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We have a Java server web application where the core of the system contains a very complex domain model that was designed according to the principles of domain driven design. For the most part, these domain objects have been affectly very little by the applications other concerns.

We are now looking to put a REST web services API in front of the system and I am struggling with how to best implement the HATEOAS links that come within our own new media type. For example, lets say we have domain class foo that has an id and name properties with JAX-B annotations:

@XmlType(name = "foo")
public class FooImpl implements Foo {

    private String name;
    private String id;


public String getId() {
    return id;

    public String getName() {
        return name;

    public void setName(final String name) {
        this.name = name;

But the XML I want to return looks like this:

<foo id="123" href="http://myserver.com/foos/123">
          <link rel="previous" href="http://myserver.com/foos/122" type="application/mything+xml" />
          <link rel="next" href="http://myserver.com/foos/124" type="application/mything+xml" />
          <link rel="edit" href="http://myserver.com/foos/123" type="application/mything+xml" />
          <link rel="revise" href="http://myserver.com/foos/123" method="put" type="application/mything+xml" />
          <link rel="cancel" href="http://myserver.com/foos/123?op="cancel"" method="post" type="application/mything+xml" />

What is the best way to do this such that I do not have pollute my domain design with these media type links, but can still use the power of JAX-B for XML marshalling? Here are some thoughts:

1) JAX-B Adapters - could I use these to modify the XML for the entities and insert the links..is it possible? is it reasonable? Any examples?

2) DTO Layer - Create a new REST service layer that converts my domain objects in DTOs. So far we been able to avoid the hassle of DTOs. While this would provide total flexibility in what we return to the client, I am also not looking to create domain agnostic clients here.

3) Link Headers - I really like this idea, but I don't think it would work (by itself) because sometimes our resources contain collections of sub-resources. In this case the subresources would still have to be marshalled into XML that contains links/hrefs, etc. So while link headers solves the problem to the top level type, it doesn't solve the entire problem. Feel free to say otherwise!

Is there another approach that will help me avoid DTOs and yet remain transparent to the domain model?

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Adding links to model requires extending your domain classes but then your DAO layer cannot instantiate such objects. Consider aggregation and adding JAXB (or whatever XML mapping) to that layer. –  dma_k Jan 16 '12 at 20:17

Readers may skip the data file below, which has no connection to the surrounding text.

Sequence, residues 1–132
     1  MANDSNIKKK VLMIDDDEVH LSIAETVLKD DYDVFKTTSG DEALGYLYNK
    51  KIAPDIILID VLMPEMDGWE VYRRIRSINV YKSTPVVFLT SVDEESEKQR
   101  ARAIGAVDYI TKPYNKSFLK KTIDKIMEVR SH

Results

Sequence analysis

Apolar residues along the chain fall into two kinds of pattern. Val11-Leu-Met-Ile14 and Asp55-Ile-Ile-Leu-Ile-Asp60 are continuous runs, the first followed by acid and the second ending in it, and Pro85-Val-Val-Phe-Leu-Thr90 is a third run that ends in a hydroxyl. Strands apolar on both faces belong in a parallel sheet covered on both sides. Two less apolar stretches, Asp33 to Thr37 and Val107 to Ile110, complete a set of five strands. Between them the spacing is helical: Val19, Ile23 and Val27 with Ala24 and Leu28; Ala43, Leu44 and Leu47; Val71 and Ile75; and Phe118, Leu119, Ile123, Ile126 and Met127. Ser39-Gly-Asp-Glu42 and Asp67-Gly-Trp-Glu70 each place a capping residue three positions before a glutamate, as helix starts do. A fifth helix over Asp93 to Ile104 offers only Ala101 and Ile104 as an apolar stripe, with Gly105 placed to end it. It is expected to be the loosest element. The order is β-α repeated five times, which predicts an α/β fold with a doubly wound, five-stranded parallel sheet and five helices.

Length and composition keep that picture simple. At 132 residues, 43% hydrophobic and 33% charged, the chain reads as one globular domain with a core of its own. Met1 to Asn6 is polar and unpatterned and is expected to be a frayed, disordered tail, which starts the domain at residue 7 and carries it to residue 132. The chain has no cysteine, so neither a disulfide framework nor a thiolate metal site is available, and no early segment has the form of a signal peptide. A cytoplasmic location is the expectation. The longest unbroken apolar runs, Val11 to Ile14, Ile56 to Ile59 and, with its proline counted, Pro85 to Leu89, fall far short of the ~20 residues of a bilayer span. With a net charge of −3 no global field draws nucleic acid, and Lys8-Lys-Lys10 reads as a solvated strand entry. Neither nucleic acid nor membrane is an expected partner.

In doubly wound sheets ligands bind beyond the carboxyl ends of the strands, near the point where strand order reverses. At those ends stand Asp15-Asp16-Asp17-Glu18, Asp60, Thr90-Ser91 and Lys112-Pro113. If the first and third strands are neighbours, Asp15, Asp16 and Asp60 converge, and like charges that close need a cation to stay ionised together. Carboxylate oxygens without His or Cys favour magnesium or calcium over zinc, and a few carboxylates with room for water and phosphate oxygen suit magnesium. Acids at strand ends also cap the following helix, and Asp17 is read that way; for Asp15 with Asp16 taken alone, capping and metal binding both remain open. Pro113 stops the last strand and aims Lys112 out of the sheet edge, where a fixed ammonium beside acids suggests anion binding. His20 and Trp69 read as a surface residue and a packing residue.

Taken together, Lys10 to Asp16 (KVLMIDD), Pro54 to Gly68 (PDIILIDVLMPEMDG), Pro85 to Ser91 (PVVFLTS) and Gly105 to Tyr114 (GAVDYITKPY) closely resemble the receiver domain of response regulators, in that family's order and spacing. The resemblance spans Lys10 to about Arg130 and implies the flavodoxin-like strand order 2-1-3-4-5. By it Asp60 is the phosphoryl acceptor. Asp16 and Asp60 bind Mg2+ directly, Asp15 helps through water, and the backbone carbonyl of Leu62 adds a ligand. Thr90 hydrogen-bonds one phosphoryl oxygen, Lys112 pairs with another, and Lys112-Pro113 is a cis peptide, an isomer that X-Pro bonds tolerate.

If I understand, create a REST model that aggregates the domain objects with the links and send that over. Kind of like a DTO, but more like extending the domain to include links. Do I understand? –  HDave Jan 17 '12 at 3:44
Yes, I would create wrappers. If necessary, delegating the calls to DAO objects. So basically that is decorator design pattern. –  dma_k Jan 17 '12 at 17:59
@HDave, did you solve this? If so, would you mind posting some code? I'm hoping to do something similar. –  craig Feb 2 '12 at 14:16
@craig - I am working on it right now. I got sidetracked trying to work out how to configure multiple different media type representations for the same domain object. Will post answer as soon as I have one! –  HDave Feb 2 '12 at 21:47

2 Answers 2

The problem is that correctly generating the links requires knowing the context within which they are being generated, which in turn means that simple JAXB interceptors won't do the job: they simply won't know what URL to insert. What's more, generating the next and previous links will require knowing what those values are; it's probably not safe to say that they are consecutive, as that would imply a resource changing its URL when some other resource is deleted, which would be madness.

The safest, easiest method is going to be a wrapper class (with JAXB serialization annotations on it) which delegates to the DAO layer for the information it needs. While this can be a fair amount of code to write, it's at least easy to get such code right. Fancy automated decoration will be much harder.

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RESTEasy has support for links either via atom or header links. There are some extra annotations by which you may point the linked services. See chapter 8 of RESTEasy documentation.

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